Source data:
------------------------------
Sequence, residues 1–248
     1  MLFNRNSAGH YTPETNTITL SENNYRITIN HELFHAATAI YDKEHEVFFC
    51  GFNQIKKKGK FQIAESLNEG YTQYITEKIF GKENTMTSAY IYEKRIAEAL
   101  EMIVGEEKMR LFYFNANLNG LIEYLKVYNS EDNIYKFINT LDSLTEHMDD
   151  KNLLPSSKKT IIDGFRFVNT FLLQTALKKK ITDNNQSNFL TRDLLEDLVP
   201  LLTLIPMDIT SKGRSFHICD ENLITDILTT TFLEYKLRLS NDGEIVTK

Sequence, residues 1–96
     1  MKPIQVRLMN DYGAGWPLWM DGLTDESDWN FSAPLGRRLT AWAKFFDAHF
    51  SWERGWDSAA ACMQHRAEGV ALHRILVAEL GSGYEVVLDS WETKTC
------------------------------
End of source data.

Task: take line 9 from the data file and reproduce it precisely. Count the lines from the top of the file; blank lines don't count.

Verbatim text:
    51  SWERGWDSAA ACMQHRAEGV ALHRILVAEL GSGYEVVLDS WETKTC